Posts Tagged ‘Macmillan’
Significant publishers are taking wildly different strategies to resolving the lamentations surrounding e-book lending at libraries: they’re experimenting with both the short-yet-cheap subscription as well as an expensive choice to pay just as soon as for reoccurring use. Yes, we’re now seeing the middle road. Macmillan prepares to run a pilot project in the first quarter of the year that will charge collections $ 25 per copy for an option of 1,200 back catalog Minotaur Books titles, but offer purchasers much better than typical financing rights for either 2 years or 52 loans, relying on the popularity. They’ll only have consent to provide to someone at a time for each copy, although Macmillan’s remarks to LibraryJournal leave the door open to altering terms need to the pilot struggle to get traction. As it stands, the strategy could be pricey for collections if they need to pay over and over once again for a seasonal favorite. It might, nevertheless, be palatable for those publication financing clothing already planning to go all-digital.
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The Justice Division suggested corporate when it indicted Apple and 5 some other publishers of price-rigging e-books, and are officially taking Cupertino and 2 publishers to court. In a hearing on Friday, Judge Denise Cote set a bench testing for June 3, 2012, placing Apple, Macmillan and Penguin Group on the defense. The federal government’s allegations focus mainly on agency prices, which sees booksellers taking a 30 percent cut of each sale in lieu of buying the books at wholesale and setting their own rates. Apple and Macmillan have currently refuted the Justice Division’s claims, of course– however that had not been on the stand, was it?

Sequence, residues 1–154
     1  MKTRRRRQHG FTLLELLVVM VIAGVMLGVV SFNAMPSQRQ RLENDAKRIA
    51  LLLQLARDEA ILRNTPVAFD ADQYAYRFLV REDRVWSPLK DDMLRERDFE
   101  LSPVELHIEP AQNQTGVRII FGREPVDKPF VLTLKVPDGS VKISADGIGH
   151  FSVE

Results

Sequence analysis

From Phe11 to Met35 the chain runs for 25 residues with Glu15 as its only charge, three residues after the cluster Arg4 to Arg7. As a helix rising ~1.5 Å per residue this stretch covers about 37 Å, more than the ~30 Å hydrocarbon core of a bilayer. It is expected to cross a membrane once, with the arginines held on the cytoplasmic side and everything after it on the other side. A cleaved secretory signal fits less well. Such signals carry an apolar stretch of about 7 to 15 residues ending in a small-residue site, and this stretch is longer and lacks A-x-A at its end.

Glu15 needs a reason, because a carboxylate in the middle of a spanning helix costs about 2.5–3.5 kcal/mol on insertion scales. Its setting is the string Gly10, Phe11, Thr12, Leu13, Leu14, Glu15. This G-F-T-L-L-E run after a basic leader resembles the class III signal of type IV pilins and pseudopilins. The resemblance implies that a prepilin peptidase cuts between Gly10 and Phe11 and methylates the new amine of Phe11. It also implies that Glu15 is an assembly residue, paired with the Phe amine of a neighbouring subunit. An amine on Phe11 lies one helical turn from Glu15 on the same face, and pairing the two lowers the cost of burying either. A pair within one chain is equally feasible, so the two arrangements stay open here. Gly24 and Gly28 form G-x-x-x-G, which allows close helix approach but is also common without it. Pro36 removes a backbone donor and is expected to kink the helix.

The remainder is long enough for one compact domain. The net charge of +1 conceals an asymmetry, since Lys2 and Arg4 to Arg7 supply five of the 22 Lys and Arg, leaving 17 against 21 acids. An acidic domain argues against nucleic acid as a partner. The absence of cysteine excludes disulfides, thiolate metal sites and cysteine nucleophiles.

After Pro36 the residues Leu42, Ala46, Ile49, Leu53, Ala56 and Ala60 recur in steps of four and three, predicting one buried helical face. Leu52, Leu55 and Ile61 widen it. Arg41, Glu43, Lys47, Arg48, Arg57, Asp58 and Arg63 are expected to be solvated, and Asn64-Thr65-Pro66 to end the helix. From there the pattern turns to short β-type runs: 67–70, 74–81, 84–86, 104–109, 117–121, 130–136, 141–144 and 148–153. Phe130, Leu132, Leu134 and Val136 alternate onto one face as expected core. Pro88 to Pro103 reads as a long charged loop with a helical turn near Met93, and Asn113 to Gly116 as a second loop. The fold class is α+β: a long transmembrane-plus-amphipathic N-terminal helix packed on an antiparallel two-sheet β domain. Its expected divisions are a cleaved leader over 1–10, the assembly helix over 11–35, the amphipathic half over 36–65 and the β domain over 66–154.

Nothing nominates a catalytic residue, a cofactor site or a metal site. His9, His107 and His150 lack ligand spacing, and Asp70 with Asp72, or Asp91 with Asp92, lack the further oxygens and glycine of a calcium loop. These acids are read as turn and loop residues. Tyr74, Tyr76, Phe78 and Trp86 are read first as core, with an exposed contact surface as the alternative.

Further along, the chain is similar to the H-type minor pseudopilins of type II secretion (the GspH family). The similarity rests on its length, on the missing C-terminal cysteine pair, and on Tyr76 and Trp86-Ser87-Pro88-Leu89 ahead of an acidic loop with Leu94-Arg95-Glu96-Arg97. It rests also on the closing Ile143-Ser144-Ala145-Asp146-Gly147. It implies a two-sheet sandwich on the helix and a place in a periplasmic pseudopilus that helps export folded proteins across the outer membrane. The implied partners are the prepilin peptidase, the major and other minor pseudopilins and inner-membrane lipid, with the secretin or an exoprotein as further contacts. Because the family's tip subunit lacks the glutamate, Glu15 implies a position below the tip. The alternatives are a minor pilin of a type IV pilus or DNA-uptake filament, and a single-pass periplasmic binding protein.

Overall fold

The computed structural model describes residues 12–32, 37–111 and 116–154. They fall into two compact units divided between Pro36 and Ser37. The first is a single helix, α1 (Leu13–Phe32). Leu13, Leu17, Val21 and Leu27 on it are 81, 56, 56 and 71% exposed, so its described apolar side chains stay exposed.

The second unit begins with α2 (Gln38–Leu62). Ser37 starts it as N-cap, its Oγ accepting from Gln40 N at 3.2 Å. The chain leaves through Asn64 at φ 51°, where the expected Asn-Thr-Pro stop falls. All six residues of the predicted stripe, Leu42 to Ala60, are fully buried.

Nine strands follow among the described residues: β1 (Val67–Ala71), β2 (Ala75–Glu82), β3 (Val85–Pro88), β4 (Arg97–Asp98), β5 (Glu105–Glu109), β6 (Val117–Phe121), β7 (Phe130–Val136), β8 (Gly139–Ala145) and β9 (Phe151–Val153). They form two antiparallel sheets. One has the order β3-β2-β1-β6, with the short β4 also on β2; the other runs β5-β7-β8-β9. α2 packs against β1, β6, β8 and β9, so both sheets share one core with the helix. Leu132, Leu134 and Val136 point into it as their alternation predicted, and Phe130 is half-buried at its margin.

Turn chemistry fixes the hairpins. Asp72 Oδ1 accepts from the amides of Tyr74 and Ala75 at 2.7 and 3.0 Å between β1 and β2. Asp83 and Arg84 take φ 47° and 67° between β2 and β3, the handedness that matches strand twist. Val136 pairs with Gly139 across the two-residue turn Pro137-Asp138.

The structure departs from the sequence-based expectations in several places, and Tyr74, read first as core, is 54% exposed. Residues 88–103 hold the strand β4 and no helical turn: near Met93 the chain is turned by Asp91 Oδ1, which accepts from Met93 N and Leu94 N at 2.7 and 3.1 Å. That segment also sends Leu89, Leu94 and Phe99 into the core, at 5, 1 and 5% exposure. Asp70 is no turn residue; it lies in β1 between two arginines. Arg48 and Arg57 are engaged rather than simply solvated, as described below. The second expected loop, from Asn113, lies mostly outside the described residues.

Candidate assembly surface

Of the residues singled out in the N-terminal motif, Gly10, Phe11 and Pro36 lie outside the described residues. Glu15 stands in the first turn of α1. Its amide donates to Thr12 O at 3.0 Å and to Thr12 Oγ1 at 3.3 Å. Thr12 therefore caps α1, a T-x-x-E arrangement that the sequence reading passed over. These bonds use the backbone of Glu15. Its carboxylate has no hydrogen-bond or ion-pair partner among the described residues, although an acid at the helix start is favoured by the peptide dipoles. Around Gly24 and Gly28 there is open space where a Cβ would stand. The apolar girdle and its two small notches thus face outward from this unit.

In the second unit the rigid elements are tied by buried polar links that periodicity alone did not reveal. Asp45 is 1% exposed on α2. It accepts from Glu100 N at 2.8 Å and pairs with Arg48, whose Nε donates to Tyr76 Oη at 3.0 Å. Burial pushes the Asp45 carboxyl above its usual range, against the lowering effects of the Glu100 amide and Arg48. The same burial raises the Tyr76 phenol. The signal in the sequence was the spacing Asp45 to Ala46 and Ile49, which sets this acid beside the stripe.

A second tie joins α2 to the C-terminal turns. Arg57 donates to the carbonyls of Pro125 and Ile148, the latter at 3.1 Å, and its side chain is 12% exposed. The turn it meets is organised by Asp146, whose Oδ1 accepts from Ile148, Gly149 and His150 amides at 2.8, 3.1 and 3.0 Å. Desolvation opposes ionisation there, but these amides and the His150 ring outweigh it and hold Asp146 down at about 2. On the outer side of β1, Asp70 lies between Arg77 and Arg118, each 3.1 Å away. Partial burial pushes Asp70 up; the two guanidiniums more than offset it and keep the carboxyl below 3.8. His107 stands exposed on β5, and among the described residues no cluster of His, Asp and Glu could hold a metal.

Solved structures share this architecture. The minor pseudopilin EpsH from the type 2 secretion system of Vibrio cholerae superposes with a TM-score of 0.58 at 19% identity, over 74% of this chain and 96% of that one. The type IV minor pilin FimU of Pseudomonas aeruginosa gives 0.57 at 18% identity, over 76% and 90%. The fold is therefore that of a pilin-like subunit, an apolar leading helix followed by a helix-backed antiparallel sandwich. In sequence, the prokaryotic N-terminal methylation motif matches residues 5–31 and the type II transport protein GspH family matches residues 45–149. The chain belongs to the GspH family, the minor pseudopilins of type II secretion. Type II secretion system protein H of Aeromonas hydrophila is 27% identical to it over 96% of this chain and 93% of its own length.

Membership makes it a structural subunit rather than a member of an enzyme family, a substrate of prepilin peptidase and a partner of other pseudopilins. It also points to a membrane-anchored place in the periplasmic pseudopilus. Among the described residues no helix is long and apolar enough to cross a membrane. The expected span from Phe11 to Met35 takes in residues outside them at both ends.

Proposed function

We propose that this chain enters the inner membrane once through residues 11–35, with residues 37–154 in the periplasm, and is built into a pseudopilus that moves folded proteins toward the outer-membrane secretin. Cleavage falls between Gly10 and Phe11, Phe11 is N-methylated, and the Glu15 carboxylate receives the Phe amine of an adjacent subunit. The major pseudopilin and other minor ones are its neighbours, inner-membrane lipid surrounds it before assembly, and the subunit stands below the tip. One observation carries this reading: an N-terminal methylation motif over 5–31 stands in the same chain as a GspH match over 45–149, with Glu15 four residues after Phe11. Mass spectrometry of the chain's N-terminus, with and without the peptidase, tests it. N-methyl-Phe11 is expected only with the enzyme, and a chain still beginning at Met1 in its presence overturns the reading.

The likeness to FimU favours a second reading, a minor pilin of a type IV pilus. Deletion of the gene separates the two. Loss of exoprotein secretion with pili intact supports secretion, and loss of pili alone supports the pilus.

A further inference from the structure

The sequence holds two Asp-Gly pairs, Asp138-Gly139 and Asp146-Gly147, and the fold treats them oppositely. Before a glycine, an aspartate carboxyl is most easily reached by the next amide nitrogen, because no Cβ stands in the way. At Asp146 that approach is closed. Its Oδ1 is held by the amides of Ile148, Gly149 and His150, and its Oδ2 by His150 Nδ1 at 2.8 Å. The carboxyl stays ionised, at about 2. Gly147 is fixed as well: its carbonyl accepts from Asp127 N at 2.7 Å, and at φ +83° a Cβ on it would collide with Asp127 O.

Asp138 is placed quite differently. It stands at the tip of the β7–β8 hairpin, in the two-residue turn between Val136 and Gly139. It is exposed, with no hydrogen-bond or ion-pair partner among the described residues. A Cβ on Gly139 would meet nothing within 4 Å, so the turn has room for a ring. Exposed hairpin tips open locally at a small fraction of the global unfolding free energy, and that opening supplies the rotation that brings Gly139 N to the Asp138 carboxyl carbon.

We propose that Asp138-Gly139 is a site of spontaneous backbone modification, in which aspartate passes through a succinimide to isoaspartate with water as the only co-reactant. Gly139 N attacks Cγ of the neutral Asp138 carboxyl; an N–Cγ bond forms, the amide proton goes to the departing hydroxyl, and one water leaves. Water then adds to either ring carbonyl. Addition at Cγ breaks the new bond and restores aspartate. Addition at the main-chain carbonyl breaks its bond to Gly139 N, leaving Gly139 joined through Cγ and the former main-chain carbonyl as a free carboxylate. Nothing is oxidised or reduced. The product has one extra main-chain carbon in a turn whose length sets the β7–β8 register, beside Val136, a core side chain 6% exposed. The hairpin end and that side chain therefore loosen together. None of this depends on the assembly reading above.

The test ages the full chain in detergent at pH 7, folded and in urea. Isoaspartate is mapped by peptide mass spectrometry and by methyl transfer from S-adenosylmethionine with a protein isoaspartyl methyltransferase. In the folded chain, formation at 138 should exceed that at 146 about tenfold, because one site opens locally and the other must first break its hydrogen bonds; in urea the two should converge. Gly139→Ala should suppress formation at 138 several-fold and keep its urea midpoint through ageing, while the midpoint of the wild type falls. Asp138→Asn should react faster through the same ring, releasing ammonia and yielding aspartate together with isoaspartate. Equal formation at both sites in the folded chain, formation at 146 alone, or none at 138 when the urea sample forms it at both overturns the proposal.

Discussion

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Not that we were expecting Apple and Macmillan to simply fess up and say, “you’re right, totally tried to circumvent the free market,” but both companies have come out swinging pretty hard against the allegations of price fixing. Apple has rejected the charges, calling them “simply not true.” A company spokesman, Tom Neumayr, went so far as to tell Reuters that Cupertino was actually fostering competition by “breaking Amazon’s monopolistic grip on the publishing industry.” John Sargent, the CEO of Macmillan, defended his company’s behavior in blog post, saying the publisher had done nothing illegal and that the concessions sought by the DOJ in settlement negotiations were “too onerous.” It looks like the next step for both is to face off with the US government in court — a daunting task, no matter how large your war chest.